Skakoon-Sparling, S; Berlin, G; Lachowsky, N; Moore, D; Lambert, G; Cox, J; Grace, D; Apelian, H; Sang, J; Hart, T. Social Support Health Psych. 2021. PsyArXiv.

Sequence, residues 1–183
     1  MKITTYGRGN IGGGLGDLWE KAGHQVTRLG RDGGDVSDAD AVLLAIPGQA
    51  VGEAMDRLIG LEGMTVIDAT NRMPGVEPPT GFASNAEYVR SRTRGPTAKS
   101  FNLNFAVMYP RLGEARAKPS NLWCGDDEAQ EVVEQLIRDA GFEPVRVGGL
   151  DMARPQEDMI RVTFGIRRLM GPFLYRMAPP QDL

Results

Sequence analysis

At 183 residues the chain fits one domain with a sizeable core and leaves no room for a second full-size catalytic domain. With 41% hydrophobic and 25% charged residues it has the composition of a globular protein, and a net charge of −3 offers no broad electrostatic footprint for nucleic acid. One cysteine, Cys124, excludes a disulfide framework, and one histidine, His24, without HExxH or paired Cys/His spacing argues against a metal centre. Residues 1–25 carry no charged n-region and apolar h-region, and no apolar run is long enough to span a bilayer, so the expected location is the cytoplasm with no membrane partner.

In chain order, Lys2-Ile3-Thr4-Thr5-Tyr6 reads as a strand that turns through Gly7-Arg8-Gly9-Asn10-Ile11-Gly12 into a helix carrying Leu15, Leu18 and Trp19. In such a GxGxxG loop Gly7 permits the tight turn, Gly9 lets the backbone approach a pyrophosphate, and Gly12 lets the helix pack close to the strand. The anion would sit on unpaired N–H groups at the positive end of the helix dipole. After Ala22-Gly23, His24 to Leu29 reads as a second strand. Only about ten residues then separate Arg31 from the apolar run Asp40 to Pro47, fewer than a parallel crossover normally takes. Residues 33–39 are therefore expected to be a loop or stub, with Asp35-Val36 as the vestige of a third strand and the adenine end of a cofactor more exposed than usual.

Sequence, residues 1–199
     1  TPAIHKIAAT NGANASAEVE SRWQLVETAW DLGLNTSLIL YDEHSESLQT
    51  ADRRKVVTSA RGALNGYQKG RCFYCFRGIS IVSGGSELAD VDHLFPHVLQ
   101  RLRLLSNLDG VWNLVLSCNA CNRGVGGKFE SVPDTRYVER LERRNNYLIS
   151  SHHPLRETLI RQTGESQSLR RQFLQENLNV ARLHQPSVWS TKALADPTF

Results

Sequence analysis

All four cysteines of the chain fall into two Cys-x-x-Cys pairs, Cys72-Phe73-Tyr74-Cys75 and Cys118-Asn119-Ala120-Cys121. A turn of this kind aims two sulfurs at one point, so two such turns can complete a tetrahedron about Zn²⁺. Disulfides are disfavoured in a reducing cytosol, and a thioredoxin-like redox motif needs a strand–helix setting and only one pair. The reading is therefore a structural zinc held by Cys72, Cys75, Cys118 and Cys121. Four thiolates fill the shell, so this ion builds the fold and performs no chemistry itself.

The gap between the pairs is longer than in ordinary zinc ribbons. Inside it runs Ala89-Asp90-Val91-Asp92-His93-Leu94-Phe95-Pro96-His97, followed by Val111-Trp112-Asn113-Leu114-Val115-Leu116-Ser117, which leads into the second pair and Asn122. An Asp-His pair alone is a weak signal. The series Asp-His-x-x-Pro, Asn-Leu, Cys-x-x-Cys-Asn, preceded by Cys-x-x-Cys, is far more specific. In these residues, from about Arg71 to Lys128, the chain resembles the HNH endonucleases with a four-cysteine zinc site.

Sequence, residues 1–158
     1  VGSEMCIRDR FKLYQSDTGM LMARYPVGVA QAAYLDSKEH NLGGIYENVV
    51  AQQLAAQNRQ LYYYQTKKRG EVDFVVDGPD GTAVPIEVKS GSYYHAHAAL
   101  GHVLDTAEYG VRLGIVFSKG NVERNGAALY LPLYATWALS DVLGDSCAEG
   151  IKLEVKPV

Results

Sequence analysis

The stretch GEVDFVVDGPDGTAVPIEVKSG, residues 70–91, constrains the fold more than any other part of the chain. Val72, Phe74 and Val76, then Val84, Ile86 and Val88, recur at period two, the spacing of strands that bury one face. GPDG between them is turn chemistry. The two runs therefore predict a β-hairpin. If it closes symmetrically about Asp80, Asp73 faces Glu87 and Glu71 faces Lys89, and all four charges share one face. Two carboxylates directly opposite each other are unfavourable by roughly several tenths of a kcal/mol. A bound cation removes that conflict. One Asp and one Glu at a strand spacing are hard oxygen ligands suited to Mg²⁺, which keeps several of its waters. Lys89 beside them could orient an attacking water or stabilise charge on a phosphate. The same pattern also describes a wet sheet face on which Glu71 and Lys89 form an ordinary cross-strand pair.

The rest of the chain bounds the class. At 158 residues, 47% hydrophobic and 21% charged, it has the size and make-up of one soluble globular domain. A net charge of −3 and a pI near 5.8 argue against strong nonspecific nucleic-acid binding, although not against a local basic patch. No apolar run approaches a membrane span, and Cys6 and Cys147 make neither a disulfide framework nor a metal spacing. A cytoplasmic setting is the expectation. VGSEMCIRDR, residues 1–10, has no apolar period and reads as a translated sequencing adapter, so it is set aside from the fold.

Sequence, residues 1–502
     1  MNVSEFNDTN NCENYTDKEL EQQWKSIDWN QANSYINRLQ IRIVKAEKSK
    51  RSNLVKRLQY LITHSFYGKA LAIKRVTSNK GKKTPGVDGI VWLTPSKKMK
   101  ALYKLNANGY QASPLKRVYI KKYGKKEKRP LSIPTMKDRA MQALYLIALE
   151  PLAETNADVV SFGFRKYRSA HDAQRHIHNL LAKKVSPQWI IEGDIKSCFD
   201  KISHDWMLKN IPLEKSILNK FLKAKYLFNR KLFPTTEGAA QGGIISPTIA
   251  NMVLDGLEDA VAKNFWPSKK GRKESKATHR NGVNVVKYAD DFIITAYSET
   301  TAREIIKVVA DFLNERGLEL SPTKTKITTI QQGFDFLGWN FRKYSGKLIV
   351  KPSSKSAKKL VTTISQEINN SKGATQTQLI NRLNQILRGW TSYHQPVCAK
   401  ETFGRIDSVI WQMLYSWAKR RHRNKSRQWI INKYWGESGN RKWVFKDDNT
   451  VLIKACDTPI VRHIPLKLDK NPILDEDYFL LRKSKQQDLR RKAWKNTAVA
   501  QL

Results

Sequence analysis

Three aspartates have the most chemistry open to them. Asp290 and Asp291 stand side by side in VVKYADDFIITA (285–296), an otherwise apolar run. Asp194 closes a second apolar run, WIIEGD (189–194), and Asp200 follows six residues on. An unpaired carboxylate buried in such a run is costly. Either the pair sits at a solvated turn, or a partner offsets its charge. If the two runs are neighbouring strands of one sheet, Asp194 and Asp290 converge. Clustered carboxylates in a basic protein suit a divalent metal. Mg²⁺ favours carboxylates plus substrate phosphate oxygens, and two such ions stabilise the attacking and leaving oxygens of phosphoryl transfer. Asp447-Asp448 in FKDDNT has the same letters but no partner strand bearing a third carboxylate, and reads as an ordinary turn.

Supportive social relationships can have direct positive effects on health and miti-gate the negative impact of stressors. This study investigated the main effect of perceived social support on STI/HIV risk and prevention behaviors. The buffering effect of perceived social support on the impact of proximal minority stressors, like internalized homonegativity, was also examined on one risk behavior specifically, condomless anal sex (CAS) without HIV pre-exposure prophylaxis (PrEP) use. Methods: HIV-negative gay, bisexual, and other men who have sex with men (GBM) were recruited using respondent driven sampling from three major Canadian urban centers (n = 1,409). GBM completed measures of perceived social support, proximal minority stress, and engagement in STI/HIV risk and prevention behaviors. Results: Higher perceived social support was positively associated with a several health behaviors, in-cluding recent STI and HIV testing, discussing HIV status with prospective partners, the use of behavioral HIV-risk reduction strategies during sexual encounters, and a lower likelihood of en-gaging in CAS without PrEP. There was evidence of moderation as well. Among GBM with higher perceived social support, internalized homonegativity was no longer associated with in-creased odds of engaging in CAS without PrEP. Conclusions: The results of the current study advance social support theory to GBM in the context of biomedical prevention, showing both evidence of both direct associations and buffering effects on STI/HIV risk and prevention be-haviors. This highlights the importance of promoting social support seeking in interventions aimed at improving GBM health.